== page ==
Best pick: Marshall. The fact the Marshall fell all the way to Metcalf with the 10th pick in the round is crazy. In his two seasons in Chicago, Marshall has averaged 109 catches, 1,402 yards and 11 touchdowns per season. That's pretty darn good production for pick No. 20.

Round 3

Analysis: Metcalf continues stockpiling NFC North offensive juggernauts by grabbing Rodgers with the first pick in what amounts to a dream draft scenario (Peterson, Marshall, Rodgers). Wide receivers were a hot commodity in Round 3, as six of the 10 picks were pass-catchers. Grant, Rank and I all took a chance on second-year players in the third round hoping they deliver on their potential.

Best pick: Rodgers. Hard to argue against Metcalf getting one of the top five RBs, WRs and QBs with his first three picks. That'll be a formidable trio all season long. He has clearly won the first three rounds.

Round 4

Analysis: With running backs wearing thin, seven different pass-catchers went in Round 4, including the next two tight ends in Gronkowski and Thomas. Gerhart and Jennings both should have a wealth of opportunities, but Jennings will have to fend off talented rookie Andre Williams. Both are solid options in this area of drafts.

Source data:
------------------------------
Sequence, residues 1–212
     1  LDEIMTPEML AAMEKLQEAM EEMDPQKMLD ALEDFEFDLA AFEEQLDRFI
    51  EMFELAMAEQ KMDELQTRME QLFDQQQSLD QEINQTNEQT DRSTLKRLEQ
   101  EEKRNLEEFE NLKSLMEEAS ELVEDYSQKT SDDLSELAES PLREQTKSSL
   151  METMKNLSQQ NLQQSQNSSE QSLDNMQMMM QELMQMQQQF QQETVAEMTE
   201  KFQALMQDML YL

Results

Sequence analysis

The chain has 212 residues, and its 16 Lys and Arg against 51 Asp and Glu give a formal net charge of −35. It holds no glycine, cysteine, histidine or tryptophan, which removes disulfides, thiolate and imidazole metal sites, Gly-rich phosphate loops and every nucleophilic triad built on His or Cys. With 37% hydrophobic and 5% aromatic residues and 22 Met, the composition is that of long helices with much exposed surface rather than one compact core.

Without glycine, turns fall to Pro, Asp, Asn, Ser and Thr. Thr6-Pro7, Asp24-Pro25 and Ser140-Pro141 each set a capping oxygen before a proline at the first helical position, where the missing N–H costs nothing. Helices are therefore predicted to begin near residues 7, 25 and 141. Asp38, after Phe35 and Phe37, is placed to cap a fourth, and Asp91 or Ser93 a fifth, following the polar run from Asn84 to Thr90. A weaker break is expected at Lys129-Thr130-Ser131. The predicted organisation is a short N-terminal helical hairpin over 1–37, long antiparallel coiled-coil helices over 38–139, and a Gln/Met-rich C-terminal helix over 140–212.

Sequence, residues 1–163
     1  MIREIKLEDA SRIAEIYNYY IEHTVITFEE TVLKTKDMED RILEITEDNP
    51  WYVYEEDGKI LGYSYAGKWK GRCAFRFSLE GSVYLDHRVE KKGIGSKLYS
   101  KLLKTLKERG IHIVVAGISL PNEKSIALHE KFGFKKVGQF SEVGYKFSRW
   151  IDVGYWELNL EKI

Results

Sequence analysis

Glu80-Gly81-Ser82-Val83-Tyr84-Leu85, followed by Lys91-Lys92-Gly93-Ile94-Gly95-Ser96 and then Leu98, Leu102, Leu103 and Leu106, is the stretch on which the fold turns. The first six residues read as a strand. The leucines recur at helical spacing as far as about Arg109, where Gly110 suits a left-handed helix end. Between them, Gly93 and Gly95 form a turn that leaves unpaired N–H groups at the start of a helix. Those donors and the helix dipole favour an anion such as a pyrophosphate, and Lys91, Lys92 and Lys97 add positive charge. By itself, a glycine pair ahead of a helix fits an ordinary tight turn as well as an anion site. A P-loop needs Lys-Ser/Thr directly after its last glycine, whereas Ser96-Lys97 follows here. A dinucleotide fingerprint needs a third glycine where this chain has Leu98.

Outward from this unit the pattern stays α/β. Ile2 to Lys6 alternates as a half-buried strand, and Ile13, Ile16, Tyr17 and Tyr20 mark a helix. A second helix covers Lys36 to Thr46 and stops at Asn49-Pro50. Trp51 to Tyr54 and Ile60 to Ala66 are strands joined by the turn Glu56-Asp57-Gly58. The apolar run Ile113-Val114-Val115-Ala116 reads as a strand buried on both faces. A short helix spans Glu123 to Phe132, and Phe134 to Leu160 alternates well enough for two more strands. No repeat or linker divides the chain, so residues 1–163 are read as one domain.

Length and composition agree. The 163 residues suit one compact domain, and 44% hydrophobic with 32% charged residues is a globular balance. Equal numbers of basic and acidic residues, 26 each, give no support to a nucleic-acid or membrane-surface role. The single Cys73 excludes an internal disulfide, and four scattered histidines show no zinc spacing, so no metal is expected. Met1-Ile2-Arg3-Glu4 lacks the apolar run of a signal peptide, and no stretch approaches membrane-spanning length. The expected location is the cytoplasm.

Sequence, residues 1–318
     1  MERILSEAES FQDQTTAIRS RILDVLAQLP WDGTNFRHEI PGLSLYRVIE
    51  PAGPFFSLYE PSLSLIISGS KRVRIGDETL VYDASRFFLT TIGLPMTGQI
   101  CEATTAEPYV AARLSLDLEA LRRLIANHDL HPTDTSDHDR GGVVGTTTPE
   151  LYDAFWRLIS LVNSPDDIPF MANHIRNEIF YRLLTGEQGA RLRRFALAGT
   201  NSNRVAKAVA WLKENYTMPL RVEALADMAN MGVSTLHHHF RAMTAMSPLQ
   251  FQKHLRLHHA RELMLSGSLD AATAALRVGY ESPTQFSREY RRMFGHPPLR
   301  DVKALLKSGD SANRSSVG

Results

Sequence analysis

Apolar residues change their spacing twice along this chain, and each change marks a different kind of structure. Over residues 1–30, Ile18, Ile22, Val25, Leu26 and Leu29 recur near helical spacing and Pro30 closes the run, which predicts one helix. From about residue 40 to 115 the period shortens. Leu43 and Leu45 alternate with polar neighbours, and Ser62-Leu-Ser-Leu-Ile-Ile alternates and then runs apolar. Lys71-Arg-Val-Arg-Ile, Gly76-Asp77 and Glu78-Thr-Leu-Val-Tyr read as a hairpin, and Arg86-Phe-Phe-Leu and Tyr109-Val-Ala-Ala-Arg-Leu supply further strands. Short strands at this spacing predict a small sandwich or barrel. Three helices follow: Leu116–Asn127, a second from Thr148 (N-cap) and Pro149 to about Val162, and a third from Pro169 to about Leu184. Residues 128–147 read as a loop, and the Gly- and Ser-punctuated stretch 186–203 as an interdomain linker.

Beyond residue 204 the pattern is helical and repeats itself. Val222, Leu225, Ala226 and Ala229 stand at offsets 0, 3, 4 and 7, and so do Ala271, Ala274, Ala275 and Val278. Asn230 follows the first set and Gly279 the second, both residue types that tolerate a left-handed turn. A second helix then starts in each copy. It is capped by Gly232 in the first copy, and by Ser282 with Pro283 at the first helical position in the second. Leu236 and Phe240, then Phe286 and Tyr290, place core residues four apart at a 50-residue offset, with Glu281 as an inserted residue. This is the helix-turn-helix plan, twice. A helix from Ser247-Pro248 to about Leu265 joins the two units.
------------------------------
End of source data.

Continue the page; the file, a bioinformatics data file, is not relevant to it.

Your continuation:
Best pick: Gronkowski. It's not a move I'll probably end up making in my drafts, but Wilk scooping up Gronk at the top of the fourth was a savvy move. His starting lineup is now loaded if Gronk can stay healthy.

Round 5

Analysis: This round was loaded with unspectacular names who could still turn in valuable fantasy production. White, Jackson, Bush and Johnson all could do work in fantasy this season, but aren't likely to lead their positions in scoring. Spiller falls from a first-round pick last season to the 49th overall. At this point, he's a risk worth taking.

Best pick: Luck. Koh gets the next big quarterback to anchor his fantasy squad. Luck quietly finished fourth in fantasy last season and could be in line for an even bigger season this year if offensive coordinator Pep Hamilton lets him loose more often.

Round 6

Analysis: The way the draft fell, Grant and Franciscovich both might have gotten caught reaching a little early this round on Vereen and Richardson, respectively. Both could have good seasons, but Vereen could fall victim to #Belitricks and Richardson is, well, still the same old Trent. Wilk and Pink both jumped on the quarterback bandwagon, selecting the next best options, but leaving Tom Brady (who appears to be universally undervalued) still on the board.

Best pick: Floyd. I was rather annoyed when Rank sniped Floyd one pick before me. Floyd had a great season last year, jumping into the top 25 scoring wide receivers. He is a likely candidate to improve all of his statistical totals, and depending on who you ask, even surpass Fitzgerald as the Cardinals top receiving option.

Round 7